Calm down, everybody. There's no longer any need to hate on Google shuttle riders for fear that they are draining the city's public resources. Mad about being banished to the edge of the city because of rising rents? That's okay. You won't have to move to Bakersfield just yet. That's because future has an answer—one that was under our noses the whole time. Or parked cars, rather.
Artist Alfred Twu, the Bay Area graphic designer behind this popular imagining of a cross-country high-speed rail map, has created a series of renderings showing what Silicon Valley tech campuses might look like if their parking lots could house the thousands of their controversial employees. Not only has he envisioned new campuses for Google, Apple, Facebook, and Electronic Arts, but he's also created with a "generic café/startup/coworking space" to serve as a model for smaller startups, too.
"The booming tech industry has created huge demand for housing in the San Francisco Bay Area, driving up housing costs and leading to long commutes. Meanwhile, tech workers flock to San Francisco and Oakland, seeking the high-density urban environment that Silicon Valley lacks," Twu writes. "What might it look like if tech campuses replaced their parking lots and provided all the necessary housing on-site?"
Twu's visions draw from a well of ongoing trends. Bruce Katz, head of the Brookings Institution's Metropolitan Policy Program, has suggested that instead of housing tech campuses in suburban areas, the next several years will see the tech economy give rise to "innovation districts," a new kind of urban neighborhood where clusters of research universities, tech firms, housing, and amenities meet all the needs of those employees. It's already happening, to some degree. Take Sao Paulo's Vila Olimpia neighborhood, for example, which will see a building full of 173-square-foot micro-apartments rise in 2016, largely to serve employees of Google, Intel, Microsoft, and Unilever.
But while San Francisco grapples with its housing supply and demand, Twu believes that the pressure could simply be relieved by another Bay Area city. "I was thinking about what exactly are the things in San Francisco that attract people who have jobs 50 miles away and go back and forth every day," Twu tells Co.Exist. "And part of it's just being around other people, being around different stores and restaurants."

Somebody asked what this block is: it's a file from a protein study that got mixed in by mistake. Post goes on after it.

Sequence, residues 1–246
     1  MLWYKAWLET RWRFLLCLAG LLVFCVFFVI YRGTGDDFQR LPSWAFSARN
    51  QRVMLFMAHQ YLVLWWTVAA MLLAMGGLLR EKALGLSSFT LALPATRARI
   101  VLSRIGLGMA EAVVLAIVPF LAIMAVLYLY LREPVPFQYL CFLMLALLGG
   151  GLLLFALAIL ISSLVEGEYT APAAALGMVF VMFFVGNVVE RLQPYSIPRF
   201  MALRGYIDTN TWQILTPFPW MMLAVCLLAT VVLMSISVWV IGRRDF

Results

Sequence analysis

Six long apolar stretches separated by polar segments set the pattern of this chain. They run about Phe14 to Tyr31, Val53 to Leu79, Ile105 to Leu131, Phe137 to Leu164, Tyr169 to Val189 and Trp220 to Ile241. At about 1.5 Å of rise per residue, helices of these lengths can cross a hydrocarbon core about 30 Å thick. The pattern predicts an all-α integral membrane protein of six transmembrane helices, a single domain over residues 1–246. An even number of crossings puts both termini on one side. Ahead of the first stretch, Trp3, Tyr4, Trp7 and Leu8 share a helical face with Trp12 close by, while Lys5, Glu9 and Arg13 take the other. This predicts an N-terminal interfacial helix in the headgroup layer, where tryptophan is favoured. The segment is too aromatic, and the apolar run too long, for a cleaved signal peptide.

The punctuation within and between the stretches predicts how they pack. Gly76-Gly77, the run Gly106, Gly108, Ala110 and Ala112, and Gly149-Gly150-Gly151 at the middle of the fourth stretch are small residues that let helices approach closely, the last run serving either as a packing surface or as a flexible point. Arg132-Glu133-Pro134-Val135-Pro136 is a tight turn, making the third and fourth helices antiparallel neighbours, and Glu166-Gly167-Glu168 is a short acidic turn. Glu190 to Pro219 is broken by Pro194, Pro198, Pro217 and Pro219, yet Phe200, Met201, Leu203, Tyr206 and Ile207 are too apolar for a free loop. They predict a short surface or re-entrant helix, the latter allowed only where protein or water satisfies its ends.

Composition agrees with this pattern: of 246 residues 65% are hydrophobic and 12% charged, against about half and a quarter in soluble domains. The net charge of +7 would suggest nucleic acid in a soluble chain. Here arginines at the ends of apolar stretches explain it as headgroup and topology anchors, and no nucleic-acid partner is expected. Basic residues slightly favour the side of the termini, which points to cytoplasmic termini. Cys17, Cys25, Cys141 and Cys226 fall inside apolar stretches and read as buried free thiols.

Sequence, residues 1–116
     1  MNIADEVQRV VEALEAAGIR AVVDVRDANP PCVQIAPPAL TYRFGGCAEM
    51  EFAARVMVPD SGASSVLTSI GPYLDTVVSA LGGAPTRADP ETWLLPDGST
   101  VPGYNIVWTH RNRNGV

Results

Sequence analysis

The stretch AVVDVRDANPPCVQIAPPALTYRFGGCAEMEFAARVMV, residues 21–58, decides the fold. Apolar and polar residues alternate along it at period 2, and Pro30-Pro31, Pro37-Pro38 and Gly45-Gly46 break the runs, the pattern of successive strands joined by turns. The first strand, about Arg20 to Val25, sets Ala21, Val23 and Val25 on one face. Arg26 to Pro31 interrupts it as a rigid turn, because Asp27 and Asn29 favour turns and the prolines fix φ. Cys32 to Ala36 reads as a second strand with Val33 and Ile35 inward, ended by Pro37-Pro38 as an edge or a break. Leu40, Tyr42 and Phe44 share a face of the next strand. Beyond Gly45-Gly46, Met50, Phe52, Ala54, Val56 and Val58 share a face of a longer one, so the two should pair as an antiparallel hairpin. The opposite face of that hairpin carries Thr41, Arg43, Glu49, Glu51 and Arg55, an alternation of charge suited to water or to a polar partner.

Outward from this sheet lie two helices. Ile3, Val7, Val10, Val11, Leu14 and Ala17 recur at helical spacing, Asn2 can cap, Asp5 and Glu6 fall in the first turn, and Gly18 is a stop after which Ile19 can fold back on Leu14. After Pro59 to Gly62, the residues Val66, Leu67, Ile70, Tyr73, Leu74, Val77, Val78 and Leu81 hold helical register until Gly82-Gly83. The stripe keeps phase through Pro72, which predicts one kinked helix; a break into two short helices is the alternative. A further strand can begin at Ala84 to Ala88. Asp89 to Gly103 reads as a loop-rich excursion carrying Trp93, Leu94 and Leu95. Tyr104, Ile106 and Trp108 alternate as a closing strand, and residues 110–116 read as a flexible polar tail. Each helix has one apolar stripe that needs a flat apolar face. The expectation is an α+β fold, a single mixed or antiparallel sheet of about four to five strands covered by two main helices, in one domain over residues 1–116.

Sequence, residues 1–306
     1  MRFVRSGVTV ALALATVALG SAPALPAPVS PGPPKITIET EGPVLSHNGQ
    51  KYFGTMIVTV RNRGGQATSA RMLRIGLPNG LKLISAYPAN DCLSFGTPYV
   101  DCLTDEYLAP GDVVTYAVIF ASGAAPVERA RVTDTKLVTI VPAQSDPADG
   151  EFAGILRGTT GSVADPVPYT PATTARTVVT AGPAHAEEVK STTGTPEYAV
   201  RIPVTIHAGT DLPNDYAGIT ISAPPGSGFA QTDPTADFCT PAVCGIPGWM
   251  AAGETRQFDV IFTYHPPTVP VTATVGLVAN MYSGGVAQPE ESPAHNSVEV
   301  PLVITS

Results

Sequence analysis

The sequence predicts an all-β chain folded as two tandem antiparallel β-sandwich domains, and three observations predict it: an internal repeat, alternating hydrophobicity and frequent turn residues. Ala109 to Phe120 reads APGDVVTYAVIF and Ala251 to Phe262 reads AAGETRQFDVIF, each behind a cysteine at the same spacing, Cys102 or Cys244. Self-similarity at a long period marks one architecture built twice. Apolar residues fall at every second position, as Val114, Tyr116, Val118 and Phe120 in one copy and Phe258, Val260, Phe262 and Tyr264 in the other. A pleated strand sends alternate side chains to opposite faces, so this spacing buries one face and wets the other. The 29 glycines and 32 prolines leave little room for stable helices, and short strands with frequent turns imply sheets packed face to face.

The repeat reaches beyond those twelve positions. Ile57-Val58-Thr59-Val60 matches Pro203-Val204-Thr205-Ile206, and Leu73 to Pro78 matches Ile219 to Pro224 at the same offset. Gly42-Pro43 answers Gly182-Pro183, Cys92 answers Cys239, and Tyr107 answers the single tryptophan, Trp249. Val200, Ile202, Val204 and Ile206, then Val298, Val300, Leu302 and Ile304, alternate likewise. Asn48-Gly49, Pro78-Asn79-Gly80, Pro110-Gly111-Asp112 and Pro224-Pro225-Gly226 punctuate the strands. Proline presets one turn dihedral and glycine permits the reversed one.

He's not the first to suggest that Silicon Valley fashion itself into more of a self-contained urban center. After Steve Jobs presented the Apple campus' new ring shape to the Cupertino City Council in 2011, Israeli architect Hillel Schocken drafted up an idea that gave the territory a walkable city grid.
Twu, who lives in Berkeley, also imagines bike paths, pedestrians, and an average apartment size of 800 square feet. Not too shabby. But Twu also acknowledges that residential buildings of that scale wouldn't be feasible under current zoning conditions in the suburbs. An effort to make a real iTown would require some political will.
And perhaps that's where the idea requires more forethought. There's something deeply unsettling about the idea of self-contained tech cities siphoned off from the hubs we already know and love. Just as gentrification can bring a whole host of knotty, difficult issues to consider, would "tech flight" create a new kind of economic segregation?
"I think that's definitely a very real possibility," Twu says. "But at this stage it's probably the lesser of two evils."
It's certainly appealing in the short term. But before we start building satellite cities wholly dependent on a handful of companies' bottom lines, perhaps it's just as prudent to engage in those bitter protests, move through the arguments, and find better ways to maintain a city's diversity.